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I've looked through a number of discussions on the internet about this question, but still don't get it. Looks like they are almost total synonyms. But I'm confused by the fact that "jeopardy" and "hazard" are used very rarely.

Are they even used in everyday life? Is it ok to say something like this?

Your career is in jeopardy

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    What discussions. I doubt we can add more that you've already seen or read in dictionaries. They aren't perfect synonyms. Jeopardy is somewhat rare, but hazard is quite common. all three are used in everyday life]
    – James K
    Commented Nov 18, 2020 at 20:24
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    If you can't find the difference in a dictionary then it is useful to study the origins of English words. I suggest you look each one up in an etymology dictionary Here's an example etymonline.com/search?q=danger - I also suggest you study usage. You can find quotations on Google ngGram and Google Books. Example google.com/… Commented Nov 18, 2020 at 20:45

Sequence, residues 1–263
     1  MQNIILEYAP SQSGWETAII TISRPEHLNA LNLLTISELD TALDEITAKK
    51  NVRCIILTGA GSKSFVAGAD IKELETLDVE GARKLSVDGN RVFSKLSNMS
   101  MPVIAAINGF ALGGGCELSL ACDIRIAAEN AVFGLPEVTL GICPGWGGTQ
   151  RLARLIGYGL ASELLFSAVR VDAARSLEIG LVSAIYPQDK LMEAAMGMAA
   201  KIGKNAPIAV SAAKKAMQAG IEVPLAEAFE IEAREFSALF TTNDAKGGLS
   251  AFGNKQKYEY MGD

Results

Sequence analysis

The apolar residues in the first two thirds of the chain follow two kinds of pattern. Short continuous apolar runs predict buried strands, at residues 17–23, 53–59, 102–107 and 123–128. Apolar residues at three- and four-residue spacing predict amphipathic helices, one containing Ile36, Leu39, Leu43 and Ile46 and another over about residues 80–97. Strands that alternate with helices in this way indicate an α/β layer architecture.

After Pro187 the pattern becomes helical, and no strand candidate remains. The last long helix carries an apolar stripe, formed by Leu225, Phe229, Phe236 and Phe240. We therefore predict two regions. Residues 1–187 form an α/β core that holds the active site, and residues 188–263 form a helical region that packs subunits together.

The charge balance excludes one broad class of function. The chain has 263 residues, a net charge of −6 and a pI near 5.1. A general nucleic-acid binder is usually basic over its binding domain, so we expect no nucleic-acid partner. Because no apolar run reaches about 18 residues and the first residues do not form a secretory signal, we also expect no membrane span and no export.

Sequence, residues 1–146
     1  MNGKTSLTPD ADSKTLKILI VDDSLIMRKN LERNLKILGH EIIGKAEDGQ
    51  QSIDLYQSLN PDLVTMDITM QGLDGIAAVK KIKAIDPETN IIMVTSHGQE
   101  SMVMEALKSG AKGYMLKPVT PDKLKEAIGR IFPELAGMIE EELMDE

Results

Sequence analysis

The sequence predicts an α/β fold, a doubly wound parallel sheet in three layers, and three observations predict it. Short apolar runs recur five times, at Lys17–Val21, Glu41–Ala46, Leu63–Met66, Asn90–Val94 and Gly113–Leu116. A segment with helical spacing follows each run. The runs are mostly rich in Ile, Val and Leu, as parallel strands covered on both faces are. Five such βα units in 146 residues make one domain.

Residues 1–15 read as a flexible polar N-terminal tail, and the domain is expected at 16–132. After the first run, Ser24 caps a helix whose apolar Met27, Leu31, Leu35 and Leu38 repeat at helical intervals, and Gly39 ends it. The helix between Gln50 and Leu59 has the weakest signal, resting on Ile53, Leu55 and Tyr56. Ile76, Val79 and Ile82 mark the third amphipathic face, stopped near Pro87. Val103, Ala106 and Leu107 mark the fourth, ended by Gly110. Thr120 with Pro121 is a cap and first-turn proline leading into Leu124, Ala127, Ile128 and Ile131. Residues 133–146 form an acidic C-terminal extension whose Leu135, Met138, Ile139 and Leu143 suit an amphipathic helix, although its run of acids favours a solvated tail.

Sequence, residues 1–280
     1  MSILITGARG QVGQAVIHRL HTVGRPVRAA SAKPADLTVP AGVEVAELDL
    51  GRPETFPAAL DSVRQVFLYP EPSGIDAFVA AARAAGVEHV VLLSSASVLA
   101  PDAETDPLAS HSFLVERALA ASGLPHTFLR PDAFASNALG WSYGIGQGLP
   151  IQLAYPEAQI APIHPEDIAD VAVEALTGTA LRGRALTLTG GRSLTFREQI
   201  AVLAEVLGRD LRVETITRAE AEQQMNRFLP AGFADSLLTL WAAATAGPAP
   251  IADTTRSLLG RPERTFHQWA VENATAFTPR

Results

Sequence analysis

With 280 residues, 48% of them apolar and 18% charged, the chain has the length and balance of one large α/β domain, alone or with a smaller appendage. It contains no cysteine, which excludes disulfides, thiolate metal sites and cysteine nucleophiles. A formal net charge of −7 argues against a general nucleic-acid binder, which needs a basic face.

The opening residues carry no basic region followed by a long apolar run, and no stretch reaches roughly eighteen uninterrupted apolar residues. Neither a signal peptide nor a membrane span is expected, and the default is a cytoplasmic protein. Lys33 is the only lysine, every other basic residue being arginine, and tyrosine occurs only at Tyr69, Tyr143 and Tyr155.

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I think that they are different because they are used in different ways. For example, I'll use the sentence that you gave in the question: Your career is in jeopardy. This works, as well as in danger, but it doesn't work with hazard; 'your career is in hazard' is just not something that is correct idiomatically or is said at all. Also, the words 'hazard' and 'jeopardy' are not synonyms, as a fire hazard for instance is not a fire jeopardy. Yes, hazard and jeopardy are used in everyday life, and it is okay for you to say that your career is in jeopardy. But hazard, danger, and jeopardy are not 'almost total synonyms', so I think that before you research this more, you should see whether or not your 'a number of discussions on the internet' are reputable sources or not.

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